By Kevin O'Donnell
On Earth Day 2021, a press release went out from the offices of the Southern Appalachian Highlands Conservancy: Computer game developer Tim Sweeney, founder and CEO of Epic Games, was donating 7,500 acres of prime mountain land to the conservancy. The gift was the culmination of an ongoing project — strategic land preservation in the North Carolina Mountains.
The story was picked up by the Associated Press and reported as far away as India. It’s easy to see why the story garners so much attention. The size of the property is considerable — more than three times the size of Roan Mountain State Park in East Tennessee. The landscape is dramatic: A rare tract of high-elevation, unspoiled land. And the story is intriguing. In an era when famous billionaires are spending their money on super yachts and vanity spaceflights, it is charming to imagine a tech industry mogul turning his resources toward conservation.
The fact that Sweeney’s money comes from computer gaming has additional resonance. Could it be that he is performing a kind of penance? As an influential game developer, the man has presumably helped to enable countless young people to hide away in windowless digital spaces, cut off from time and nature. All the more striking, then, to see him making a difference in preserving some of Appalachia's most dramatic wide-open spaces. The "Asheville Citizen-Times" reports that the donation is the largest private land conservation donation in North Carolina’s history.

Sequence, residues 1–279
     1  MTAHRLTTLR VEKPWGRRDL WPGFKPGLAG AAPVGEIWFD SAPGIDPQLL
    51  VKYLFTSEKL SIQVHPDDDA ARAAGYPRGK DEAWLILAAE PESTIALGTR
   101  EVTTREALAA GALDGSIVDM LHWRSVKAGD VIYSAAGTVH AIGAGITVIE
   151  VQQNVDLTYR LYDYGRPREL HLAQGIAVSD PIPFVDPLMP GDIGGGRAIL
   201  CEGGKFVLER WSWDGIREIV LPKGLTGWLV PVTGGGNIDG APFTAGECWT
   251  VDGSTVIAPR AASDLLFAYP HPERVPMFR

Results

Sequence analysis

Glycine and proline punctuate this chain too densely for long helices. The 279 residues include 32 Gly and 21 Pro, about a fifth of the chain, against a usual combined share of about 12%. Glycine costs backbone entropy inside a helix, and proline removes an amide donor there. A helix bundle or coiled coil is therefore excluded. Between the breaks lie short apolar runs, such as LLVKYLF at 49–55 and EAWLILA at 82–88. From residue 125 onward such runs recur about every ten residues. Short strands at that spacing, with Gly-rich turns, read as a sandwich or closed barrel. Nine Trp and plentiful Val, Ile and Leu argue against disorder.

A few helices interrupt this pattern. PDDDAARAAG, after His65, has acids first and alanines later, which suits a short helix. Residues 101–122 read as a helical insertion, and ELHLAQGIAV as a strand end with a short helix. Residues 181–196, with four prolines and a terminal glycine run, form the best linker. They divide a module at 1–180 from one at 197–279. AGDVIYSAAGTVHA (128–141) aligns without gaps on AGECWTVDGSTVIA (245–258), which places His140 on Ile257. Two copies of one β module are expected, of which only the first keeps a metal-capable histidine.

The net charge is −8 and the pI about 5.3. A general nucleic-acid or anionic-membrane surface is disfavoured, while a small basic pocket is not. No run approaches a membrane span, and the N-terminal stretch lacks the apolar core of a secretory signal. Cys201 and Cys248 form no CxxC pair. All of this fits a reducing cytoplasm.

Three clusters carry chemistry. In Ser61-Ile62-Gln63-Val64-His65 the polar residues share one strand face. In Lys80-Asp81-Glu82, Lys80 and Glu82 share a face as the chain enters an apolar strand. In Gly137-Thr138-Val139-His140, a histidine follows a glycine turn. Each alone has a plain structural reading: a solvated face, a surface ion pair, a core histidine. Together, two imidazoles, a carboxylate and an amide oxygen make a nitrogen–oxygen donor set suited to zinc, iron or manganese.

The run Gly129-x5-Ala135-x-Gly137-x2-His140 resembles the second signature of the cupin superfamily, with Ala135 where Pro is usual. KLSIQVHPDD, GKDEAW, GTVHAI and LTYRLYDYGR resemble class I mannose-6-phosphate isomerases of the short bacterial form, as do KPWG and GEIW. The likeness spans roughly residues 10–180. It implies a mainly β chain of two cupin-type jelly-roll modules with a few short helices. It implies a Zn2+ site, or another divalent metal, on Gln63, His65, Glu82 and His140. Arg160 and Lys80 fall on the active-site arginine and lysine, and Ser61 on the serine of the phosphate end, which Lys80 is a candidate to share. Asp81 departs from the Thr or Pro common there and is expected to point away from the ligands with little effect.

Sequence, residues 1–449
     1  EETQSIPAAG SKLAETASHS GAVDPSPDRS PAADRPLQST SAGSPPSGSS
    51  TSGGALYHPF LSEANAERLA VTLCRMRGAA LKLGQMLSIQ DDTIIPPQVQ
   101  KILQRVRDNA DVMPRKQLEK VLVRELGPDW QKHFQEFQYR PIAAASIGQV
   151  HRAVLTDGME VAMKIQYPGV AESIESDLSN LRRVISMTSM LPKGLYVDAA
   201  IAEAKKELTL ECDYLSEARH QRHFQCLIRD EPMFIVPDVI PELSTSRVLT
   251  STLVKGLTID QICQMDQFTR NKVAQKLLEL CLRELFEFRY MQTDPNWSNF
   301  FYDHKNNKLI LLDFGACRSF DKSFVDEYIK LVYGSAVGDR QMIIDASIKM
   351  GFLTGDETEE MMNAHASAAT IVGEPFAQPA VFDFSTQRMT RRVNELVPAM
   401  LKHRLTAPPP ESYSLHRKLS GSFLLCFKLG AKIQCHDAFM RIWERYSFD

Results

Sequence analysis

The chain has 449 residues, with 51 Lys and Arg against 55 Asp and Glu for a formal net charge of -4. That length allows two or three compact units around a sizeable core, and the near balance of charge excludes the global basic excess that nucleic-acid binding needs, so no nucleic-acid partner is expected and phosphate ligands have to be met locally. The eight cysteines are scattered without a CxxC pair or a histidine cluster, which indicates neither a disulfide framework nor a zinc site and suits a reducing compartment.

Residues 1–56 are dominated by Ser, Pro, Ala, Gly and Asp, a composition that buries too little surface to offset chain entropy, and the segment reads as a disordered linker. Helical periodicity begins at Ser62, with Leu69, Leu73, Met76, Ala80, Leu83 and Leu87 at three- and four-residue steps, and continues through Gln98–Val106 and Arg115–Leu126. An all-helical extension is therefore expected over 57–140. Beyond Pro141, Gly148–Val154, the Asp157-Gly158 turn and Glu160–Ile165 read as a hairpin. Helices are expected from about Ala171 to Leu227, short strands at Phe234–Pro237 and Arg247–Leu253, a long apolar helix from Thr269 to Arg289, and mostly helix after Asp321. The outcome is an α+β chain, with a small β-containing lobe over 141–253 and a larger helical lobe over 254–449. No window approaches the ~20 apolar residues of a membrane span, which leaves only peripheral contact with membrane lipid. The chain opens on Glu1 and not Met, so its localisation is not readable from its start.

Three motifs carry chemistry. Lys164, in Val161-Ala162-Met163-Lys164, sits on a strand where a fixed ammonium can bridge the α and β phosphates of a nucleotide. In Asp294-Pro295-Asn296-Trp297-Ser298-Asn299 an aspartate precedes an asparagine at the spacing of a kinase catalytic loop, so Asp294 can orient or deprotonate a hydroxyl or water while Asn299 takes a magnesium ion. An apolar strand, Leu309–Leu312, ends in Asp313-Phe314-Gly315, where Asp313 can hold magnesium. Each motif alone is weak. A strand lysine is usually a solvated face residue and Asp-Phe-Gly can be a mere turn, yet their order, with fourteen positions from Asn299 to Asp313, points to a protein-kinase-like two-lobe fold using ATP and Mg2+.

The back story is that the Sweeney gift is part of a multi-pronged, multi-partner, ongoing strategic process of preserving land in one of the most ecologically significant places in the eastern United States.
So where is this place?
If you have been to the Roan Mountain Rhododendron Gardens on the top of Roan Mountain, you have probably seen the donated acreage. It is visible from the viewing platform accessed by strolling south along a walkway from the middle parking lot at the Rhododendron Gardens visitors area. That platform faces south/southeast and overlooks one of the most gorgeous views in the Southeastern U.S. What many people don't know when they look out over the area is that the mountains they are seeing include large sections of private lands. The SAHC has been working with Sweeney to change that. The 7,500 acres is a small but key part of this overall region, and its acquisition is part of a longer-term strategy to preserve the whole area.
To view this broader region on a computer, visit Google Maps and search “Spruce Pine, North Carolina.” Click “Directions” and type in “Carvers Gap, North Carolina,” as the starting point. Then click “add destination” and type in “Minneapolis, North Carolina,” as the third node on the itinerary. The blue line showing that route will circle a remarkable roadless area of nearly pristine, undisturbed highlands, one of the gems of the east, and an important, high-value target from the perspective of conservation and preservation.
Mainly above the 4,000-foot contour line, this roughly oval-shaped region spans 12 miles north to south — from Grassy Ridge in the Roan highlands, south almost to Spruce Pine — and 8 to 10 miles east to west, with U.S. Highway 19E marking the eastern border, and N.C. Highway 261, the road from Carver’s Gap down to Bakersville, marking the western border.
Through accidental circumstances of geography and history, the area has remained pretty much roadless. Some county roads do make incursions from either side. And there are dirt roads and historic wagon roads. But no paved road runs all the way through. One cannot drive a car from one side of the area to the other.